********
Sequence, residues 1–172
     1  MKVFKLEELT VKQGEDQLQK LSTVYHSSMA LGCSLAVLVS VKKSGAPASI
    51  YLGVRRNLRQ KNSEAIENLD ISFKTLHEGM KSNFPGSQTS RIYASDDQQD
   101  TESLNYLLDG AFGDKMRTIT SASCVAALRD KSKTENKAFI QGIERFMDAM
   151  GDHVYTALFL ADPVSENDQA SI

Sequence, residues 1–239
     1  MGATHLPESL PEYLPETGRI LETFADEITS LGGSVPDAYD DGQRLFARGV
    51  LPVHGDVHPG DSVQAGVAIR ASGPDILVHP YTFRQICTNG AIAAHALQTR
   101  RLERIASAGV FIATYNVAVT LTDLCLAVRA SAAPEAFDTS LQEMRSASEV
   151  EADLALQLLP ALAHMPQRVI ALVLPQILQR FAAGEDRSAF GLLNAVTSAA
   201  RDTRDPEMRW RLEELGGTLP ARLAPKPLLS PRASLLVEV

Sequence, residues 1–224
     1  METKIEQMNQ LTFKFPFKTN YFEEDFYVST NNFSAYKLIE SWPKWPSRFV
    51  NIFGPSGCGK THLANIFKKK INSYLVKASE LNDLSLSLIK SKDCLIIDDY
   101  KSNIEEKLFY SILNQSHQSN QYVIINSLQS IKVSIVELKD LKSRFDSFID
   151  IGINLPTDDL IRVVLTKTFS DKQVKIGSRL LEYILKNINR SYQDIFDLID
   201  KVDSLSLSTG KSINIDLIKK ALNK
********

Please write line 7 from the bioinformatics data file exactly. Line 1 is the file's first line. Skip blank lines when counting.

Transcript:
     1  MGATHLPESL PEYLPETGRI LETFADEITS LGGSVPDAYD DGQRLFARGV